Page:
You can also use other techniques, like asking it for interview transcripts for fake interviews: Create an interview transcript between a product designer and a dentist about the problems the dentist has, for example. Or ask it to describe non-existent products: walk me through the interface for a fictional new water pump that has exciting new features. There is an art to this that you can learn from experimentation, and you should feel free to share other prompt techniques that work in the comments.
Getting unstuck: avoiding inertia
People always ask me if I use AI to write my posts. I don’t, but I absolutely use it when I am feeling stuck to inspire and “unstick” me. For example, I rewrote one paragraph in this post three times before asking ChatGPT to write it for me. The result was good enough to keep moving forward, and I have since gone back and modified it beyond recognition.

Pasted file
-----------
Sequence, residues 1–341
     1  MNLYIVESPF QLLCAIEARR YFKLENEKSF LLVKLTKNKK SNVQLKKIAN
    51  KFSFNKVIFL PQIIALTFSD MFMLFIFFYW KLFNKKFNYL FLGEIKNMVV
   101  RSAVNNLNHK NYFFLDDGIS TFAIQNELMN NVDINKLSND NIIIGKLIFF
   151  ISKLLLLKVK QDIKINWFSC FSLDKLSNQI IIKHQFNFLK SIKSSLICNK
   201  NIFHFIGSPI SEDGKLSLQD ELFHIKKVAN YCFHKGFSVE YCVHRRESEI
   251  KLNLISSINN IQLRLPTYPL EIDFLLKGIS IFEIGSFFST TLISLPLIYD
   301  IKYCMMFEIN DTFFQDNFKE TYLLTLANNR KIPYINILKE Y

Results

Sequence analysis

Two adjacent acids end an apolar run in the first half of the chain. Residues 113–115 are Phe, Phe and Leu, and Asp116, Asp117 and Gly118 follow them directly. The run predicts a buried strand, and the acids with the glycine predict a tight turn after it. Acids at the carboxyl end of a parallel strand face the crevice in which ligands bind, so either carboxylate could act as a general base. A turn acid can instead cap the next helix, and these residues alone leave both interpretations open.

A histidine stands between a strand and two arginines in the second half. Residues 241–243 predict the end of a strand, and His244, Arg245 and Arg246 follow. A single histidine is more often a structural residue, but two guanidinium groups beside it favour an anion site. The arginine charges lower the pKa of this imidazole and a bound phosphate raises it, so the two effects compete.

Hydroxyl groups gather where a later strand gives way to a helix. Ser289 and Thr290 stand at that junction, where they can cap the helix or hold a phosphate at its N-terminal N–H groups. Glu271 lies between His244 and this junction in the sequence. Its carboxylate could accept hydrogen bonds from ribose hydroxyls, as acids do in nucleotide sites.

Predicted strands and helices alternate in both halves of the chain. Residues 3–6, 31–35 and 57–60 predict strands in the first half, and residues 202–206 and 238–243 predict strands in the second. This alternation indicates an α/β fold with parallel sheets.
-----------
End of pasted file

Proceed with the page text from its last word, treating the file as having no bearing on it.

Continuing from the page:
This is not uncommon. Many of us have ideas, but often we have trouble actually taking the next step with them, since, to borrow from Eliot, “Between the idea/ And the reality/ Between the motion/ And the act/ Falls the Shadow.” There are many Shadows, the things that stop us from taking action on ideas and, as a result, many good ones never become reality. A great thing about ChatGPT is you can always ask it to help you with the step you are stuck on: here is my first sentence, continue it. Or give me the subheadings for the following story idea. Or give me a fictional transcript where I pitch the CEO of a family-run Italian espresso company the idea for a new kind of espresso machine using laser heaters. There is tremendous value in overcoming inertia, and often a small push is what we need to do it. So, no, I don’t let ChatGPT write these posts, but that doesn’t mean that it doesn’t help me write them.